The Lomography AsiaPac Interview
Pushing Boundaries: Melvin Mapa and the Petzval 85 Art Lens
Filipino LomoAmigo Melvin Mapa now shoots in Singapore, his current residence. He is familiar with the Petzval 85 Art Lens as the perfect fit for portraiture and wanted to push the lens' capabilities by taking it out for some street photography.
Melvin shares with us his experience and skillfully taken photos in this interview.
Please introduce yourself and your team to the Lomography community and the readers of the Online Magazine.
MM: Hello! I am Melvin Mapa, Head Photographer of The Photography of Melvin Mapa, a startup I’m running in Singapore. I worked as a Creative Director in advertising for a little over two decades, only to discover that the path I was truly passionate about was that of a full time photographer. I felt it was my calling.
LOMO: What is your origin story as a photographer?
MM: My enthusiasm for photography came about at an early age of 7 when my parents gave me a KODAK 110 camera which I use to take pictures of my family and neighbours. I fell in love with photography and realised that there is so much more than just taking pictures — I want to tell stories through my photographs and show the world what the human eye sometimes can't see.
LOMO: How do you develop your creative eye?
MM: By being mindful, determined, and talking to people who see the world differently.
LOMO: Tell us a little more about your Petzval lens experience? Any challenges or interesting stories?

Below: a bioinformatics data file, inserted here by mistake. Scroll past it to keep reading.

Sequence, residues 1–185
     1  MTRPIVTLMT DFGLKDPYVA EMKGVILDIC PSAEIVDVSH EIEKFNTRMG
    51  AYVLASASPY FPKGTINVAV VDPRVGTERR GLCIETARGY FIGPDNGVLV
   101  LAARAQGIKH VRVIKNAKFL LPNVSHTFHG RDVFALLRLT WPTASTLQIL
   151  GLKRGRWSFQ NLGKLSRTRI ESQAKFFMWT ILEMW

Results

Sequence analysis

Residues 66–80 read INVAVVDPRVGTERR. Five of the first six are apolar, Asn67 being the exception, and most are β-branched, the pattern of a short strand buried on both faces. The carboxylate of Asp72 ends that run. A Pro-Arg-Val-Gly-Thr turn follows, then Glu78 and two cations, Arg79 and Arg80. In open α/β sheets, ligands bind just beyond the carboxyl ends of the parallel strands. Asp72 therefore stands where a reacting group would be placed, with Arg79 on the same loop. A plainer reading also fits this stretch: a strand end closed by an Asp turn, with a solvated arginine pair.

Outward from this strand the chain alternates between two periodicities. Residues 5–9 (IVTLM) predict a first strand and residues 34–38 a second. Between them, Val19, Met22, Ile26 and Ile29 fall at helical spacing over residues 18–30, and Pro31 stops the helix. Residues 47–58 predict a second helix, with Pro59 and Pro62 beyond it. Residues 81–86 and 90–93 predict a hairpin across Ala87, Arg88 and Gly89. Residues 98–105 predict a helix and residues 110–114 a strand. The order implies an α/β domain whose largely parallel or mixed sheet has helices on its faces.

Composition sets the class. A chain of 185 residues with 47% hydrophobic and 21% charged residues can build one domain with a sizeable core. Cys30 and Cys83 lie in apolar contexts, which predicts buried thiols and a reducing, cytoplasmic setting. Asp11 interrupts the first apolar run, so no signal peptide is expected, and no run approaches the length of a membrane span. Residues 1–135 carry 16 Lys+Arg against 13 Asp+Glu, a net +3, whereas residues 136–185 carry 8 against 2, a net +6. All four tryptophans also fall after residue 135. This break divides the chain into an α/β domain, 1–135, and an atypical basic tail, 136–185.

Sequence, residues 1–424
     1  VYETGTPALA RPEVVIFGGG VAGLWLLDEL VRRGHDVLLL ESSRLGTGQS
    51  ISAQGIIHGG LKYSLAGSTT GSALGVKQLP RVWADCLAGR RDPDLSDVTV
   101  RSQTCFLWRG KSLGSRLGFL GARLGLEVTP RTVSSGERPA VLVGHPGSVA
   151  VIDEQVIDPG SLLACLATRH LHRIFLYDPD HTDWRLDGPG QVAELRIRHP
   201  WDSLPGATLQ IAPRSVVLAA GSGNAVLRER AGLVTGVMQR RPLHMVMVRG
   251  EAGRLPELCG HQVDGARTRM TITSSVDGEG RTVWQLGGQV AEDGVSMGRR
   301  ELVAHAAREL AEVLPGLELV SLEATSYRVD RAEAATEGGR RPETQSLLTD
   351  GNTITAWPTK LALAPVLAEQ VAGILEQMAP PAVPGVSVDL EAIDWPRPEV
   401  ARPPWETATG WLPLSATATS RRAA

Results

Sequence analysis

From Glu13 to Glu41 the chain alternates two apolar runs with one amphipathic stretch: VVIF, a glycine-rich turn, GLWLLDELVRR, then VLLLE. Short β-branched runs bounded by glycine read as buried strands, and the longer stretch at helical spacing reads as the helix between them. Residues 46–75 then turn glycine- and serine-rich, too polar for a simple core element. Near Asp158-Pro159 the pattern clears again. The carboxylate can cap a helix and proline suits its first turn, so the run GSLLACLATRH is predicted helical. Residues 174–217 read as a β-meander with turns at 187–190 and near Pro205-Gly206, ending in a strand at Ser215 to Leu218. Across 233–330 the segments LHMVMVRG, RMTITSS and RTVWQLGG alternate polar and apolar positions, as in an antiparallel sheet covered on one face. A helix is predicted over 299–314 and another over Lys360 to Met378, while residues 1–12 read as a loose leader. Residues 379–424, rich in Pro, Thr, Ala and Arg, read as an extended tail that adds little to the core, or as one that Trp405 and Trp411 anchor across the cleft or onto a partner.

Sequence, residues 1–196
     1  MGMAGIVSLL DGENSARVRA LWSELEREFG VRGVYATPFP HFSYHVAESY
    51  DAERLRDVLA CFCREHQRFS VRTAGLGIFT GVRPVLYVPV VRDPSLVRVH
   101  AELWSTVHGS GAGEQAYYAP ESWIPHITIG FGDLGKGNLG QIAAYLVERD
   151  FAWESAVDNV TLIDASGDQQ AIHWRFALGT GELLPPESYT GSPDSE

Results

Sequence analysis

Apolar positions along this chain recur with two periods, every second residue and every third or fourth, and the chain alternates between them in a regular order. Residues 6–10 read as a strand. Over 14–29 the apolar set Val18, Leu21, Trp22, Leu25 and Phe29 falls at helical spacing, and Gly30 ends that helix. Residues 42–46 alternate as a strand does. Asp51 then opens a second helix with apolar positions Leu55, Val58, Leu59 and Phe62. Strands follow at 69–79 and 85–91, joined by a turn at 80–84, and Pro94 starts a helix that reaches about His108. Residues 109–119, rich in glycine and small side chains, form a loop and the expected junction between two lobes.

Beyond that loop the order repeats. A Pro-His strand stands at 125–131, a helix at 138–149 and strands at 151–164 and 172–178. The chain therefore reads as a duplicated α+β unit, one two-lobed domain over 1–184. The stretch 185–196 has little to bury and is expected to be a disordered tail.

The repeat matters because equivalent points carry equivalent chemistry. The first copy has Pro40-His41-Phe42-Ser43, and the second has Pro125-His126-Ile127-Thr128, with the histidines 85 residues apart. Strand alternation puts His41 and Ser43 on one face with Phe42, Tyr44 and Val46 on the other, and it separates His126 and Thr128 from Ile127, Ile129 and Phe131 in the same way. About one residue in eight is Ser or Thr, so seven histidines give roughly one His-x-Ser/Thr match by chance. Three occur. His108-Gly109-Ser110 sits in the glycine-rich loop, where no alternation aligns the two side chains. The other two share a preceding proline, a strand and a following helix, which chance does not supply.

MM: The Petzval is an outstanding portrait lens—just for portraits. I know it’s designed for that specifically but I pushed myself and took it out to do street photography. Although it attracted too much attention because of the shiny brass, and it’s impractical to change aperture, and it’s way too heavy to carry around, I really had fun shooting with it! But if given a chance to shoot with it again, I’d go for it. This time it will be indoors.
LOMO: Any photography tips you can share with our readers?
MM: Tips on what lens to use to shoot a particular subject, what chemical is the best to develop a particular film, is artificial light better than natural light, all of these are accessible knowledge. You can simply Google them and learn quickly. There’s nothing wrong with that, really. You can also join groups with similar interest, or attend photography workshops.
But for me, the most important aspect in photography, is to find something you really care about. Whether you have a plastic or top-of-the-line camera, the most crucial thing is to produce a body of work that matters. Spend your time and energy in creating photographs that are necessary and substantial. It’s easy to get caught and get lost in a trend but you have to be mindful of the type of work you will be creating. Decide whether you want to create an impact using your photographs or just add to the unnecessary clutter. Our life is short, so create work that matters.
LOMO: Do you have ongoing or upcoming projects that you would like to tell the community about?
MM: I do have a list of projects to work on— both personal and commissioned. For personal projects, I’m currently busy with a long term work called Fragments: Portraits of Love, Hope and, Pain. It’s about understanding ourselves and our nature as human beings. Another one is my Film Photographer Interview initiative the idea of the project is to keep the momentum of film photography rolling. Also, I’ll start on my research about the issue on suicide. I plant to do a photo-documentary on this. It’s a very sensitive subject to deal with, so I’m planning it really well.
This interview was originally published here.